|An African Grey Parrot|
Recently, a series of sting operations in central Africa has broken up a highly organized wildlife smuggling ring which has been exporting endangered species abroad into, leading to arrests of powerful dealers and a recovery of hundreds of kilos of ivory, turtle shells, and animal skins. The operations took place in four neighboring nations: Gabon, Cameroon, Central African Republic, and Republic of Congo. The clampdown was coordinated last week by a wildlife law enforcement NGO known as the Last Great Ape Organization (LAGO), which is based in these four countries. The work from this NGO marked a big step towards enforcing regional laws in protecting endangered species.
In Gabon, a group of undercover agents posed as smugglers and arrested sixteen key dealers in possession of 150 kg of ivory. This haul was estimated to be worth about 90,000 pounds on the international market, and was believed to be destined for China via Nigeria. The sixteen dealers were put into custody, after being refused bail following the operation. Luc Mathot of agency AALF had proposed this environmental project to the government, and stated that it was the first time ivory dealers had been put into prison. This meant that Gabonese authorities were ready to monitor, find, condemn, and imprison anyone dealing ivory in the nation. In Cameroon, three dealers were arrested in trading seventeen turtle shells. Also, a cargo of 1,000 African grey parrots was intercepted while being smuggled into Nigeria. At the scene, a police officer was arrested on suspicion of accepting a 2,000 pound bribe to release the truck and allow it to pass. Another operation in Central African Republic seized seven leopard skins, two lion skins, and two elephant tusks hidden under a pile of cowhides in a dealer's truck. They were thought to be bound for either Europe or the U.S to decorate rich homes. On that same day, wildlife activists in the city of Ouesso in Congo found 30 kg of ivory.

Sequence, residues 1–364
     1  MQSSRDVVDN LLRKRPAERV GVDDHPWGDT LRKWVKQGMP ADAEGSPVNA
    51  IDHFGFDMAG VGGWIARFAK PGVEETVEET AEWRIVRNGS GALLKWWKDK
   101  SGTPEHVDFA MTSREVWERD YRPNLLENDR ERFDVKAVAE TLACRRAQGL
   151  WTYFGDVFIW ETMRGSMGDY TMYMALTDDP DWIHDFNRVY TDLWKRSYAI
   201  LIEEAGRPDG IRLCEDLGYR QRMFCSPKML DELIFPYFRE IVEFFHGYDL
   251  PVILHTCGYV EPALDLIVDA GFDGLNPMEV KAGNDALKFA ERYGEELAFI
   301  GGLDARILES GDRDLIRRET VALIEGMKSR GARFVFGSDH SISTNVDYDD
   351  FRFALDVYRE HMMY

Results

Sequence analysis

According to Ofir Drori, founder of LAGA, this campaign was a breakthrough for the four countries who would sign up to global protections of these animals but fail due to poor legislation and law enforcement. He further stated that the overall conservation in the central African region is a failure behind the so-called success stories. That is, the poachers still have the upper hand and the fight has just begun. The smugglers have been part of a sophisticated mafia that has grown in over the past twenty years. The major obstacle for the wildlife law enforcers is tackling the endemic corruption in the region.
I'm very proud to see how these neighboring countries are now taking a step against the threat of illegal poaching and wildlife trade. However, these are also the countries deeply affected by corruption. And it is because of corruption that poachers and wildlife smugglers are getting the advantage. That is, regular law enforcement does little to stop them. A classic example was seen in Cameroon when a police officer allowed a truck containing a large haul of African grey parrots to pass into Nigeria after accepting a bribe. I personally believe that the law enforcement in these countries should learn about the dangers of poaching and wildlife trafficking, and how the operators of these malicious activities are sophisticated in manipulating regular authorities. In addition to that, I also feel that all four of these countries are in a need of help regarding the corruption that has been devastating them. If the law enforcements of these neighboring nations become aware regarding the illegal wildlife trade and some form of aid is given in order to end the endemic, then both people and animals will be able to live in peace and harmony.
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